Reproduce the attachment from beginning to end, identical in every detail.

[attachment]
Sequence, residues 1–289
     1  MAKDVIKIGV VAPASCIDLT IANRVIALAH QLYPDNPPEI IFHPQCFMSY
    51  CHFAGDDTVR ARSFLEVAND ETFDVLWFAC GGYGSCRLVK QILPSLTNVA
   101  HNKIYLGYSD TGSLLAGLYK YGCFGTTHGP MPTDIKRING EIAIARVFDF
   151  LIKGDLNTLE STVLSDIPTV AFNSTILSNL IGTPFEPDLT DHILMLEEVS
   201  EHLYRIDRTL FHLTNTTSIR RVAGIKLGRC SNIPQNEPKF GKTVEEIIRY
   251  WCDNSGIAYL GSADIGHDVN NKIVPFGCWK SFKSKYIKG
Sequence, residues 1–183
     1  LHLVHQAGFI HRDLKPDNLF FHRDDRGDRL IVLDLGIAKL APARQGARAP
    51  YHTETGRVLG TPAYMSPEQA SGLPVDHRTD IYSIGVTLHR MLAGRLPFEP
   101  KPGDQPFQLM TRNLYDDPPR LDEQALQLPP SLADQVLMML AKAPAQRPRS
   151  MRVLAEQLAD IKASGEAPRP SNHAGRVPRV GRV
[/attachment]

Sequence, residues 1–289
     1  MAKDVIKIGV VAPASCIDLT IANRVIALAH QLYPDNPPEI IFHPQCFMSY
    51  CHFAGDDTVR ARSFLEVAND ETFDVLWFAC GGYGSCRLVK QILPSLTNVA
   101  HNKIYLGYSD TGSLLAGLYK YGCFGTTHGP MPTDIKRING EIAIARVFDF
   151  LIKGDLNTLE STVLSDIPTV AFNSTILSNL IGTPFEPDLT DHILMLEEVS
   201  EHLYRIDRTL FHLTNTTSIR RVAGIKLGRC SNIPQNEPKF GKTVEEIIRY
   251  WCDNSGIAYL GSADIGHDVN NKIVPFGCWK SFKSKYIKG
Sequence, residues 1–183
     1  LHLVHQAGFI HRDLKPDNLF FHRDDRGDRL IVLDLGIAKL APARQGARAP
    51  YHTETGRVLG TPAYMSPEQA SGLPVDHRTD IYSIGVTLHR MLAGRLPFEP
   101  KPGDQPFQLM TRNLYDDPPR LDEQALQLPP SLADQVLMML AKAPAQRPRS
   151  MRVLAEQLAD IKASGEAPRP SNHAGRVPRV GRV